"The school is in a bad state and most of us are not accessing clean and safe water. We are suffering from waterborne diseases after using the unsafe water."
This is the simple yet powerful evaluation of her school's current situation by teacher Mrs. Damaris Nashimiyu at Friends Secondary School Shirugu. Here, this is just 1 water source - a well - on school grounds that does not provide enough water, let alone safe water, for the 160 students and 16 teachers and staff.
To fetch water from the well, students must stand over the slippery cement pad surrounding the opening, lower a bucket on a rope into the water, and haul it back up. The water is then poured into their own containers before carrying these back to the school buildings. There is also a plastic storage drum that the students will fill at the well, then using a team of 6-8 students slug back to the center of campus. This process is tiresome and time-consuming. Looking down into the well, we noted dirty objects floating on the surface of the water - not a good sign when evaluating the safety of the water.
When the well runs dry, students are sent out between classes and during lunch to fetch water from an unprotected spring down in the village. This water is open to contamination and known for causing diseases. These trips waste a lot of precious school time and often make students too tired to pay attention in class once they get back.
Many students contract infections through the water they consume at school, impacting their families since they must use the little resources they may have in seeking medical treatment for their children. Waterborne illnesses drive absenteeism, and with it drag down students' academic performance.
The water shortage at this school also means that students' hygiene and sanitation are wanting. Water has to be prioritized for drinking, so healthy habits like handwashing and important chores like cleaning the latrines have to be put on hold.
"Really the school is in need of water to avoid the problems of stomachaches and time wastage among students. Secondly, students are missing classes when they contract diseases caused by dirty water," said teacher Mr. James Malenya.
What we can do:
A 75,000-liter rainwater catchment tank will help alleviate the water crisis at this school. The school will help collect the needed construction materials such as sand, bricks, rocks, and water for mixing cement. We will complement their materials by providing an expert team of artisans, tools, hardware, and the guttering system. Once finished, this tank will begin catching rainfall that will be used by the school’s students and staff for drinking, handwashing, cooking, cleaning, and much more.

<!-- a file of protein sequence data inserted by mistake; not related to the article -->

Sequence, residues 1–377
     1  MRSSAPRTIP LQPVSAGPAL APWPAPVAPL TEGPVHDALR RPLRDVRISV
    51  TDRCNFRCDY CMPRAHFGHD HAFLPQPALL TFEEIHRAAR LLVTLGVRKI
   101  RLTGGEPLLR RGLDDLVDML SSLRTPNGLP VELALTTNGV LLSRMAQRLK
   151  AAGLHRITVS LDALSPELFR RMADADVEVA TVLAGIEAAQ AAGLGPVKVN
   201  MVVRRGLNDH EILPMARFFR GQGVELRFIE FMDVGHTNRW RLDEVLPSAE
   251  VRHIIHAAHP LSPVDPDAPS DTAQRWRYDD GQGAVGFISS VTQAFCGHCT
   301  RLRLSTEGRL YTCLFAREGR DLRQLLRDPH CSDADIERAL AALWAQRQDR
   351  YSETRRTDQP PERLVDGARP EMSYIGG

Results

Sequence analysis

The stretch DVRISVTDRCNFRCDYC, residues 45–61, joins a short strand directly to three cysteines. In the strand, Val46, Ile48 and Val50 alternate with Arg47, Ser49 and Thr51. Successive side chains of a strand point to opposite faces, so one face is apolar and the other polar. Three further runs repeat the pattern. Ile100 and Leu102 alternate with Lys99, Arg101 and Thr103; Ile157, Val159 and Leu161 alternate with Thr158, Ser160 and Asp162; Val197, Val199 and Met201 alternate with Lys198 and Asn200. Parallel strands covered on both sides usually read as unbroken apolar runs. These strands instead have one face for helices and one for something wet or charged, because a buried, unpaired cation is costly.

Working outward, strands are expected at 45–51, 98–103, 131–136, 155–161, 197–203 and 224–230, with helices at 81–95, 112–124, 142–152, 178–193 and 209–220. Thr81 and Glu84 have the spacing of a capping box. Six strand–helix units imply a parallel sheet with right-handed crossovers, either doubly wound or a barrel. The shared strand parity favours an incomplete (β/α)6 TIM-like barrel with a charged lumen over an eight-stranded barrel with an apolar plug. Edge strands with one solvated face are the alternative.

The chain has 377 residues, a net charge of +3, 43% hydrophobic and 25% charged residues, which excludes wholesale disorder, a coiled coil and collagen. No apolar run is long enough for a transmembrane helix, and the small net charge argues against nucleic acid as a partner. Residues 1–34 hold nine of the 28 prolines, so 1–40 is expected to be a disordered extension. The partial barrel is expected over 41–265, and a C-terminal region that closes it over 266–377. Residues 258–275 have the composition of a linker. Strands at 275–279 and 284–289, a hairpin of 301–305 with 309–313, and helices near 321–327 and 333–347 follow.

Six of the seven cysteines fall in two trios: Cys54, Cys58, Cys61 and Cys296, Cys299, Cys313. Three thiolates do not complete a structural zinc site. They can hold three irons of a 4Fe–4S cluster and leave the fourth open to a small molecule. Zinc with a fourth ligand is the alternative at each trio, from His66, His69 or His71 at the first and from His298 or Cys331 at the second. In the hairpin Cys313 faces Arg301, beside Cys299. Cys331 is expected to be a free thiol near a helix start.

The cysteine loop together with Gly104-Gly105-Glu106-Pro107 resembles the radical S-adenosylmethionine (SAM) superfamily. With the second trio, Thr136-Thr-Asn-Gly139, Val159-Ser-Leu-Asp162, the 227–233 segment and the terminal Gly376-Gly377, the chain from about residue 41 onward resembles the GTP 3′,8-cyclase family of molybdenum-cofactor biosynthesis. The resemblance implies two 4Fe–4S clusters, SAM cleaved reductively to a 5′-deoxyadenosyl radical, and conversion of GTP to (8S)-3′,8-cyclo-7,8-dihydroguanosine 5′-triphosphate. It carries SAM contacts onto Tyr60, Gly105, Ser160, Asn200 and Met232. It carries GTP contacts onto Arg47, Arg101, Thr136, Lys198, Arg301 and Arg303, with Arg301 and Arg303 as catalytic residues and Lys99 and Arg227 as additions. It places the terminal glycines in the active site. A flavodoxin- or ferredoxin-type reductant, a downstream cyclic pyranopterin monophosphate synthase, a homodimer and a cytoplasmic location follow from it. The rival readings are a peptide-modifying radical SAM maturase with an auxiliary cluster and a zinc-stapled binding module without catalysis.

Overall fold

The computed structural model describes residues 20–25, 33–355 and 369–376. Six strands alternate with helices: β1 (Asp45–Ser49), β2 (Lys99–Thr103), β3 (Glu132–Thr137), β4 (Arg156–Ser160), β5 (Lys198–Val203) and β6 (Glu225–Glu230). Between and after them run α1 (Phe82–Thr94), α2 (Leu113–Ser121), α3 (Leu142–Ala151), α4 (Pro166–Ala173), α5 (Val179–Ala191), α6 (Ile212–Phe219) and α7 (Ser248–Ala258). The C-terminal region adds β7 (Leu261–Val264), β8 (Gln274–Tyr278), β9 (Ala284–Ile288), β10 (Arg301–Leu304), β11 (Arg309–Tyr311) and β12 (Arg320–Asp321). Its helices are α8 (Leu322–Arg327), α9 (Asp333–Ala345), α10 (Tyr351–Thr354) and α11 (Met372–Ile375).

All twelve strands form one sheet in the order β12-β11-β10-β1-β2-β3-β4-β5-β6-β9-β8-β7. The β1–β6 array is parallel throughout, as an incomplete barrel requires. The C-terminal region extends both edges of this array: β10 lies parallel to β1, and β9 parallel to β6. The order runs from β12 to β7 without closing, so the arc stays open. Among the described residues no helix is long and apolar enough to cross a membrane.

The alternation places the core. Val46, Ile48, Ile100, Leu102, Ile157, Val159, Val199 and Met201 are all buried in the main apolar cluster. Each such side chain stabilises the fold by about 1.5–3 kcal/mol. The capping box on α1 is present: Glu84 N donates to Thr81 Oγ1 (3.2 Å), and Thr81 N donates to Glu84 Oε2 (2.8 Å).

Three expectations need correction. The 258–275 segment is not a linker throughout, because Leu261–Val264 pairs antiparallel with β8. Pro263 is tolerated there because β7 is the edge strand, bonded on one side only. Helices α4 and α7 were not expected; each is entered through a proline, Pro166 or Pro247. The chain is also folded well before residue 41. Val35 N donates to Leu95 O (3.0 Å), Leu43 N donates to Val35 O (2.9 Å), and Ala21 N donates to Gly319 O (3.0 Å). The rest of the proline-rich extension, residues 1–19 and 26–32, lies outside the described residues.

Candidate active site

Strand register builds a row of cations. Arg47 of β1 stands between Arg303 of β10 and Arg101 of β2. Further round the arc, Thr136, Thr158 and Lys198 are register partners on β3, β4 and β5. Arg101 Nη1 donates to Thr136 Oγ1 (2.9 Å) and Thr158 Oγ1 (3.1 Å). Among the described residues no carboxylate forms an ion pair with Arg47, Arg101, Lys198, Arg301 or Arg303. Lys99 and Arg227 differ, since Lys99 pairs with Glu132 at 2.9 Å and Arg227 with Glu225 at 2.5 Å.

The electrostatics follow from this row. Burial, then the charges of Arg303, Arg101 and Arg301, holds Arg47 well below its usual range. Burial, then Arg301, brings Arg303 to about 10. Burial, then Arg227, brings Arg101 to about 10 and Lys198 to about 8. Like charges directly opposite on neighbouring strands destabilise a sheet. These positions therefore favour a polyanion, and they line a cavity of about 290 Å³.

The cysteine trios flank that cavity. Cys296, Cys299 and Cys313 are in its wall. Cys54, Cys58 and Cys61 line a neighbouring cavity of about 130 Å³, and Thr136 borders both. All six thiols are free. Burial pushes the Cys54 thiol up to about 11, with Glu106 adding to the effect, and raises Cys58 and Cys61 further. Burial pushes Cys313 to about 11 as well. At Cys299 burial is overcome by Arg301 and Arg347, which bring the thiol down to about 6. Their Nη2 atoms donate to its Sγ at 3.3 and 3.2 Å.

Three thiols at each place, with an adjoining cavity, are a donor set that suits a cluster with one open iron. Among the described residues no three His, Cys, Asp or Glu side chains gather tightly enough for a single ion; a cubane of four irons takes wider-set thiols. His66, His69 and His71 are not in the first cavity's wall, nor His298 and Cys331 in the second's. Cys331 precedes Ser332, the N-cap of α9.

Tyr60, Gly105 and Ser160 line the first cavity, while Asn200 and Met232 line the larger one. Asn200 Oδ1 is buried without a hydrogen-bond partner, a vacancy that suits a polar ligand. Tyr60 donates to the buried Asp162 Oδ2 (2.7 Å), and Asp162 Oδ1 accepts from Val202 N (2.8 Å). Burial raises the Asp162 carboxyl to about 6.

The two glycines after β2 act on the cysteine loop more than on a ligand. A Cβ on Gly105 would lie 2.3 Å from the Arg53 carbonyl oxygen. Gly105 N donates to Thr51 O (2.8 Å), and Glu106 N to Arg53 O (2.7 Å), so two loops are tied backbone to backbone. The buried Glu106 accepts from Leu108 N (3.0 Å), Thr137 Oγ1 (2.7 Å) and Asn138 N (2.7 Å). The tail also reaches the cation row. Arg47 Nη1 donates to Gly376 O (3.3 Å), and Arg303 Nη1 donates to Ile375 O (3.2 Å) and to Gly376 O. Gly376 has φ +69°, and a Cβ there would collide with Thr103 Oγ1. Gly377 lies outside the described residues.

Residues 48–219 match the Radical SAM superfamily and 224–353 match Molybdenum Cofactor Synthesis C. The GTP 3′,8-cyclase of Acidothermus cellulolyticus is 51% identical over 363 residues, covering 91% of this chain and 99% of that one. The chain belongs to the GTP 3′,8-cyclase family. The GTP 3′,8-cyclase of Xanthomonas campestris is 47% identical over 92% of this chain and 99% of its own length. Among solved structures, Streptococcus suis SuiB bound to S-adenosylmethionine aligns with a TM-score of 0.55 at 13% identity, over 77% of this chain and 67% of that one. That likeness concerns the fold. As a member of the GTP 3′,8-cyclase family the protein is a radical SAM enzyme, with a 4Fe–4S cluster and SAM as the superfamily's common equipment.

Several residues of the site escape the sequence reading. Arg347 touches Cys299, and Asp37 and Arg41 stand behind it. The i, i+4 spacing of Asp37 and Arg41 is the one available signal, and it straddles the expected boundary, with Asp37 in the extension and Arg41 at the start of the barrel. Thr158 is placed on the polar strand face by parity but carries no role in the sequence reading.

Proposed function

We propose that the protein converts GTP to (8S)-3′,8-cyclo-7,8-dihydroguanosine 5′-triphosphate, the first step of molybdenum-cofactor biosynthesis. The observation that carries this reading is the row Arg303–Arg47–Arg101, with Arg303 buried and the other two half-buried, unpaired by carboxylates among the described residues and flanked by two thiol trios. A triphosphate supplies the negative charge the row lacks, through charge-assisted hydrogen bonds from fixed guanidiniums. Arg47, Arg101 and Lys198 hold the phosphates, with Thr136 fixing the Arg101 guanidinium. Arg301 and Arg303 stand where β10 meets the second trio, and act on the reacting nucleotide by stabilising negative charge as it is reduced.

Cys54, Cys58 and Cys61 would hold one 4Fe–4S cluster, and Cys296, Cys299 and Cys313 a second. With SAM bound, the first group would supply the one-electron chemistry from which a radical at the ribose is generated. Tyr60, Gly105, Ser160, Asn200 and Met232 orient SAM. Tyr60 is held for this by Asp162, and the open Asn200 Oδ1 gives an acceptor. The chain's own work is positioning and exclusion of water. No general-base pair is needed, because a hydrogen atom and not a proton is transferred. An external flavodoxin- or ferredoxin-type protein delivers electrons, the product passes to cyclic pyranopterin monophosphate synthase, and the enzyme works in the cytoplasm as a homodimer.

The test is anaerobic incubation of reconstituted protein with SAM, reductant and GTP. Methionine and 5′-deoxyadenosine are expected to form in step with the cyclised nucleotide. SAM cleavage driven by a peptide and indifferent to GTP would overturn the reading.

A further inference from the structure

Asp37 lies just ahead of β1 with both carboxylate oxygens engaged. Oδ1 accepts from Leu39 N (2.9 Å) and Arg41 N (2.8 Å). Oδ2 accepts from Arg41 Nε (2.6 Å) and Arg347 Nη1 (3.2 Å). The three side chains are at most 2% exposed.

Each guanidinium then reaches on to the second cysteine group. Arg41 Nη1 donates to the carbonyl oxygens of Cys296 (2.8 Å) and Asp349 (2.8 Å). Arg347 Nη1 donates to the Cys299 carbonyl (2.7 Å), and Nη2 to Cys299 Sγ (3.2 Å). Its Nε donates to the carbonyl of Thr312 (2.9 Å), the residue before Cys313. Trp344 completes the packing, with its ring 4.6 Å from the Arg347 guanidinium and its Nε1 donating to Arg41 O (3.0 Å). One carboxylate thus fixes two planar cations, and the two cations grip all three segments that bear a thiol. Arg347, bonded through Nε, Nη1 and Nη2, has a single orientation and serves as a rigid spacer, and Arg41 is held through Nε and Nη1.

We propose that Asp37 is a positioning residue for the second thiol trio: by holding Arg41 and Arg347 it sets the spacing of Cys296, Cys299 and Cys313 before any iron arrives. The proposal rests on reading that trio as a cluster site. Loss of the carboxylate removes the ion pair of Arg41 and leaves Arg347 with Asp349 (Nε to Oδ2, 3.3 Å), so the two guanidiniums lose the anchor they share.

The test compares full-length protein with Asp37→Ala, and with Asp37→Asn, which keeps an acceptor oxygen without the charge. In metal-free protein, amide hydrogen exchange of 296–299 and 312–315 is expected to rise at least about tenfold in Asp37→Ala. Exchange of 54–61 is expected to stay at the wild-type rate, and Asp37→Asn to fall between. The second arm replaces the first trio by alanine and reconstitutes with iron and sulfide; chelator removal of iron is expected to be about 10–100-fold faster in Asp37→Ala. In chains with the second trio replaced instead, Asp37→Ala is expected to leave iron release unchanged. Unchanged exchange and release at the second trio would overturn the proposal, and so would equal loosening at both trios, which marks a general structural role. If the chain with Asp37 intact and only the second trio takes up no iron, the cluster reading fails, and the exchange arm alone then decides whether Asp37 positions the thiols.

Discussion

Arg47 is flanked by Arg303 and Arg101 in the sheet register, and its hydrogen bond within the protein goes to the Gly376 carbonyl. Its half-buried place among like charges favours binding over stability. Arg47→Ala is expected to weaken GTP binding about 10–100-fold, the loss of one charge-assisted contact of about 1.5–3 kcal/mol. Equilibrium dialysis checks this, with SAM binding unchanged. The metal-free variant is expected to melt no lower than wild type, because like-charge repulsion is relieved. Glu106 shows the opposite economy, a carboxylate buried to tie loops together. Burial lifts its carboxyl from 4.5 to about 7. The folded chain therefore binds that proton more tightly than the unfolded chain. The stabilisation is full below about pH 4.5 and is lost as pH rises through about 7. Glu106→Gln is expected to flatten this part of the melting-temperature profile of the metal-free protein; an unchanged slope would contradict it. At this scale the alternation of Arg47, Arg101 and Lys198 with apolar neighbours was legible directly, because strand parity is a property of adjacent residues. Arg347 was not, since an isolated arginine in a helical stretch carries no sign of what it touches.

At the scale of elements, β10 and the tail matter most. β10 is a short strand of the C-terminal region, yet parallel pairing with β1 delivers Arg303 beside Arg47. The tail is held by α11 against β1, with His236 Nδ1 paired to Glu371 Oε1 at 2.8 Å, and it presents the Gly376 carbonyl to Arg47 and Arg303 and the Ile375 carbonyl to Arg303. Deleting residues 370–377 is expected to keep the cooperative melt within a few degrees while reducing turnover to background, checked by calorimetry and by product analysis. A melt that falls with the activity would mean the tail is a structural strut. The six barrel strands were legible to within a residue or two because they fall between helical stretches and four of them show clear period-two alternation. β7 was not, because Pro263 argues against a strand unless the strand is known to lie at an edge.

We and the school strongly believe that all of these components will work together to improve standards at this school, which will help lead to better student academic performance and will help unlock the opportunity for these students to live better, healthier lives.
There is currently nowhere for students to wash their hands after using the latrines or before eating lunch, let alone the water to do so.
The student health club will oversee the 2 new handwashing stations we will provide, and make sure they are kept clean and in working condition. The club leaders will fill the handwashing stations with water daily and make sure they are always supplied with a cleaning agent such as soap or ash.
The latrines at Friends Secondary School Shirugu are in rough shape. Some of them cannot ensure privacy to users because they lack doors, while others have leaking roofs. All of them are producing a very bad odor.
2 triple-door latrine blocks will be constructed with local materials that the school will help gather. 3 doors will serve the girls while the other 3 will serve the boys. All of these new latrines will have cement floors that are designed to be easy to use and to clean. And with a rain tank right on school property, there should be enough water to keep them clean.
We will hold a 1-day intensive training on improved hygiene, health, and sanitation habits at this school. Our team of facilitators will use a variety of methods to train students and staff, including participatory hygiene and sanitation transformation (PHAST) and asset-based community development (ABCD). We will initiate a child-to-child (CTC) student health club, which will prepare students to lead other pupils into healthy habits at school and at home. We will also lead lectures, group discussions, and provide illustrative handouts to teach health topics and ways to promote good hygiene practices within the school. We will then conduct a series of follow-up trainings before transitioning to our regularly scheduled support visits throughout the year.